In the moments leading up the kickoff, the bar staff went all out. There were smoke machines, DJ lighting, and that one song from Jock Jams everybody knows. They announced who was working during the game, which was a friendly albeit kitschy touch. (Shout out to our bartender, Mr. Jeff, from Rhinelander!)

A preview of my Packer bar this week.

A video posted by Maggie Iken (@mcgaggles) on

The Sunday drink special is $6.50 bloodies. The pint came with a hefty garnish (cheese, olive, two kinds of sausage, pickle, AND asparagus) and a Rhinelander pony, which made this the best bloody for the value this season. Camp Bar also has an option to upgrade to a 22 ounce bloody ($8).

After this, I moved on to Lagunitas IPA ($4-5). My companions ordered a bucket of five High Lifes ($18). Camp Bar also offered $3 shots of Fireball during commercials. The touchdown shots were a sweetly sickening mixture of Mountain Dew and what I assume was flavored vodka or rum. Camp Bar also has a fairly extensive cocktail list, including a full page of old fashioneds.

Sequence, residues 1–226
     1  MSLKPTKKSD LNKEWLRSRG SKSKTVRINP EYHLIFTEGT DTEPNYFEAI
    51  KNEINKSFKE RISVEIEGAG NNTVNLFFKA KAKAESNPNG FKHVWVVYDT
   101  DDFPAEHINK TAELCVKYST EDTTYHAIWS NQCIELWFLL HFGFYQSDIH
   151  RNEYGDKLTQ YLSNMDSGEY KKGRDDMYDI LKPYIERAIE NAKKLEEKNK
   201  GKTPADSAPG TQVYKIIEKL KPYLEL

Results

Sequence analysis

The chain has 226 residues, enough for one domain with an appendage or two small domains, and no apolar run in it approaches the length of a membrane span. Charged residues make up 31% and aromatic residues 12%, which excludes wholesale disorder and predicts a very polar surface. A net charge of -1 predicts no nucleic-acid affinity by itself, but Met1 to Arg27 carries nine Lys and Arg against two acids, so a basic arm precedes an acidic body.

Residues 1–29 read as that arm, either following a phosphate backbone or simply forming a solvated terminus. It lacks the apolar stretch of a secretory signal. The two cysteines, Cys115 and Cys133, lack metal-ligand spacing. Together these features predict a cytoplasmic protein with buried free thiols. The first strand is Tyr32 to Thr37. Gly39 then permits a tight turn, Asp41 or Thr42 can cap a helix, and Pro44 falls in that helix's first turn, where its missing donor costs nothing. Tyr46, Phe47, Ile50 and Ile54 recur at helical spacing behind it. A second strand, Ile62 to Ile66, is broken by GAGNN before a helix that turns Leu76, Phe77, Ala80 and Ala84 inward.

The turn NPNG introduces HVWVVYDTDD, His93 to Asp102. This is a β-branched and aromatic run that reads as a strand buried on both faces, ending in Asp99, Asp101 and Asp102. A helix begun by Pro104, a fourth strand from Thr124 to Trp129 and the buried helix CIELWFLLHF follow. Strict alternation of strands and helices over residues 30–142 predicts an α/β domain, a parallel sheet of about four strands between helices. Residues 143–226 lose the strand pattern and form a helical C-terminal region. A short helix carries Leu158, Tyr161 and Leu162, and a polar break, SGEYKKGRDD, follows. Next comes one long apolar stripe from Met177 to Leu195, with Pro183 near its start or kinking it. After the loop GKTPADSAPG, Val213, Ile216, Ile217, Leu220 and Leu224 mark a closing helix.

There is a unique set-up for food. Camp Bar does not have a kitchen, nor does it assemble any food on-site. All food is ordered from Falbo Brothers, less than a half mile away. Instructions for ordering are listed on the front page of the menu: text your order to a specific number, receive your order number, tell your cocktail waitress, get your food. With a maximum wait of 40 minutes, the system is on par with bars that do their food in-house.

I ordered a 14-inch deep dish pizza with sausage, pepperoni, black olives, and jalapenos. This is part of Camp Bar’s Pick 6 deal, and I could have gotten two more toppings for the same price if desired. With tip, this cost me around $24. To call it “deep dish” is a bit misleading—it’s simply thick crust. I pride myself in my ability to put away some pizza (maybe not as much at Tyler Maas), and I was full after two slices. It was so delicious I forgot to take a picture (oops).